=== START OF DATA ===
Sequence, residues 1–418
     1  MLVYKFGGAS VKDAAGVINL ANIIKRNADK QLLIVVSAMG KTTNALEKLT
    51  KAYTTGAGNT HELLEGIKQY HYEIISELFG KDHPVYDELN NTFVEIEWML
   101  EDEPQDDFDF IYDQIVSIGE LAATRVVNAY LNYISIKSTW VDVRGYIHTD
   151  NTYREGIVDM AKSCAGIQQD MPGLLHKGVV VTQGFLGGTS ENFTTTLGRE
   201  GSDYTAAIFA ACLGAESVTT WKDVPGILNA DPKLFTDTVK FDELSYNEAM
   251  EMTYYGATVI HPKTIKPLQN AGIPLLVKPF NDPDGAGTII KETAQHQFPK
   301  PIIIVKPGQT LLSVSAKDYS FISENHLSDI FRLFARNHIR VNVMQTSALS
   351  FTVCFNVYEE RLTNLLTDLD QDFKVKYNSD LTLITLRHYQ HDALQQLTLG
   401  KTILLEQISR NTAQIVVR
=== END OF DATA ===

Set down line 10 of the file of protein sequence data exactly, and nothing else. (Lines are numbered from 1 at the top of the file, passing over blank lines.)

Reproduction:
   401  KTILLEQISR NTAQIVVR